SINGAPORE: Singapore received a record 18.5 million visitors last year as more tourists arrived in the city-state from its top markets such as China and India, but growth in their spending slowed as they cut back on shopping, data showed on Wednesday.
Tourism receipts rose 1% to SG$27.1 billion (US$20 billion) in 2018, based on preliminary estimates. That was slower than a 4% rise in the previous year as tourists shopped less on items like gifts and souvenirs.
Singapore saw a 6.2% rise in travellers in 2018 from the year earlier, the Singapore Tourism Board (STB) said. Arrivals from China, its biggest market, rose 6% to 3.4 million, while those from India, another major market, rose 13% to 1.4 million.
The data tracks a global trend of increased travelling but reduced spending, according to the STB. Tourists’ spending power was also hit by a stronger Singapore dollar versus some other currencies.
The board forecast visitor arrivals of 18.7 million to 19.2 million for 2019, a rise of 1-4%. It expects a 1-3% growth in tourism receipts at SG$27.3 billion to SG$27.9 billion this year.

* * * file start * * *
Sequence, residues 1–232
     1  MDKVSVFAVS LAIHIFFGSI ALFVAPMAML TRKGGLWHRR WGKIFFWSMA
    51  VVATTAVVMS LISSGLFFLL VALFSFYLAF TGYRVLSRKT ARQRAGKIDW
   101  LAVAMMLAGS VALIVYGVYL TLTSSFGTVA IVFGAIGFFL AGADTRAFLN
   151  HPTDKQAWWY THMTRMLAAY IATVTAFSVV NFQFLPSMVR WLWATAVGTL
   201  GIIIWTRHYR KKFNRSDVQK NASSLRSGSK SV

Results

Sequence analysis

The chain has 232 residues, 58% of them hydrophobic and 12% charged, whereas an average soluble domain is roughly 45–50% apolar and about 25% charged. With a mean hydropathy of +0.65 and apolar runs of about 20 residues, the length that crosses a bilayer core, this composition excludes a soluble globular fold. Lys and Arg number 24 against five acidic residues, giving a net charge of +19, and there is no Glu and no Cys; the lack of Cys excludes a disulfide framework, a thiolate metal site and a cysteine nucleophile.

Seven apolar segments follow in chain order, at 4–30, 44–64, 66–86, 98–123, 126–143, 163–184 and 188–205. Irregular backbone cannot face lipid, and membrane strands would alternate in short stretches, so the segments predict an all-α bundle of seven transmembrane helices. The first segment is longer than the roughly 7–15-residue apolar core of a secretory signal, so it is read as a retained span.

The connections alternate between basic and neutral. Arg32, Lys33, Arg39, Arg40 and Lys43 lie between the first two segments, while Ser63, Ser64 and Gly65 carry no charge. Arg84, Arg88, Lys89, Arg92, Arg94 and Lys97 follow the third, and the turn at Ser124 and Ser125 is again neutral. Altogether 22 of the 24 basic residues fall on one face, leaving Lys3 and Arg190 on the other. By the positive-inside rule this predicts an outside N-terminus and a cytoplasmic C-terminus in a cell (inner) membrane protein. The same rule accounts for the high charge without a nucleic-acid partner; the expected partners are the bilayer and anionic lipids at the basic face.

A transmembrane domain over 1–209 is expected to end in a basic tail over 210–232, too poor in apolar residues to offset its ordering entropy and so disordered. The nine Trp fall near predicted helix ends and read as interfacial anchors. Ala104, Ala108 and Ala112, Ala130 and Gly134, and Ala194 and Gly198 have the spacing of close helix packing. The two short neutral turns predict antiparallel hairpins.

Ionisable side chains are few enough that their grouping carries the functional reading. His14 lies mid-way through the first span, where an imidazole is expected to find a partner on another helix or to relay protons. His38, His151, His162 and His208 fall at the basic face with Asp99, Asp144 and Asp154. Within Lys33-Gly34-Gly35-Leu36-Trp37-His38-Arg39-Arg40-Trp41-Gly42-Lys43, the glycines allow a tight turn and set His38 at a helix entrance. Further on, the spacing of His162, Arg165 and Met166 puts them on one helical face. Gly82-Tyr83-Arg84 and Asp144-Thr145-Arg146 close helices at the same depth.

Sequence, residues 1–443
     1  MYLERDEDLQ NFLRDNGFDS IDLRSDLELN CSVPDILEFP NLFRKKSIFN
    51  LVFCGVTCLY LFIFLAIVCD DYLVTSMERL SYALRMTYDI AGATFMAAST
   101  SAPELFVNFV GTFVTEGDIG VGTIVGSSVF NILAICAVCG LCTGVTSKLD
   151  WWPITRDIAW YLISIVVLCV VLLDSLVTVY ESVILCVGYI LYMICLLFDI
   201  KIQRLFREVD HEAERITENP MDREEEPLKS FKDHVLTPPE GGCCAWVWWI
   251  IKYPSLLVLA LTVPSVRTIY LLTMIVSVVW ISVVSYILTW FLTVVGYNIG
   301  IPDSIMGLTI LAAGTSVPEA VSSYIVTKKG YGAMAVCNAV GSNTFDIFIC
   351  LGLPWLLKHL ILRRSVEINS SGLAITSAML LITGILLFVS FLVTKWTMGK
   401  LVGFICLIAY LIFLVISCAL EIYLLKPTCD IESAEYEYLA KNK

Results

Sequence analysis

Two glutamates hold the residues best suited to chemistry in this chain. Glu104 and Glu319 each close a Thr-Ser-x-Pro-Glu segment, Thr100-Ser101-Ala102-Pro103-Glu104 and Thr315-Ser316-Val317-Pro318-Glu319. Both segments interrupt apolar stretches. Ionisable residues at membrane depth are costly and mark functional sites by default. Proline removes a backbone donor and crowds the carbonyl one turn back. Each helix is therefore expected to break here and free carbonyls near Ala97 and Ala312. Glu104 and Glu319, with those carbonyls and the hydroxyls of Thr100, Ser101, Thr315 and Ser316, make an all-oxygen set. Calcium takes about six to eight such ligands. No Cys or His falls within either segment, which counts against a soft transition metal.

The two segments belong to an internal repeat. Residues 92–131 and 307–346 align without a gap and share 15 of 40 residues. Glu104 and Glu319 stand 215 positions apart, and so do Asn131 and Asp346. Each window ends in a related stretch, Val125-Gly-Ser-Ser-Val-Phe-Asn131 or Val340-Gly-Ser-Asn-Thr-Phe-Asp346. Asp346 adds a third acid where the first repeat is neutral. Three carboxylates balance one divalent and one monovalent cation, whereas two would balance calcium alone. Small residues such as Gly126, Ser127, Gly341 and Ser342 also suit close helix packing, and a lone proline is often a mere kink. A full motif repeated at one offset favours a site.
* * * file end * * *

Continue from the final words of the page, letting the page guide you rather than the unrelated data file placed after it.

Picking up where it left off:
The STB said challenges in 2019 included competition from regional destinations, as well as a potential slowdown in outbound travel from China as trade tensions with the United States hit sentiment in a slowing economy.
“We are still forecasting growth from China this year. It will probably be a little bit more moderate compared to past years,” said Keith Tan, chief executive of the STB.
Singapore, which relies on tourism for about 4% of its economic output, is famed for its glitzy shopping malls, hawker food, casinos and the F1 night race. It has long been a popular well-connected destination for corporate travellers as well as holidaymakers, many of whom use it as a stopover to other popular spots in Southeast Asia.
Last year, Singapore won added publicity after it hosted an unprecedented meeting between US President Donald Trump and North Korean leader Kim Jong Un. ‘Crazy Rich Asians’ – the Hollywood hit film set in Singapore – was another boost to the city-state’s image.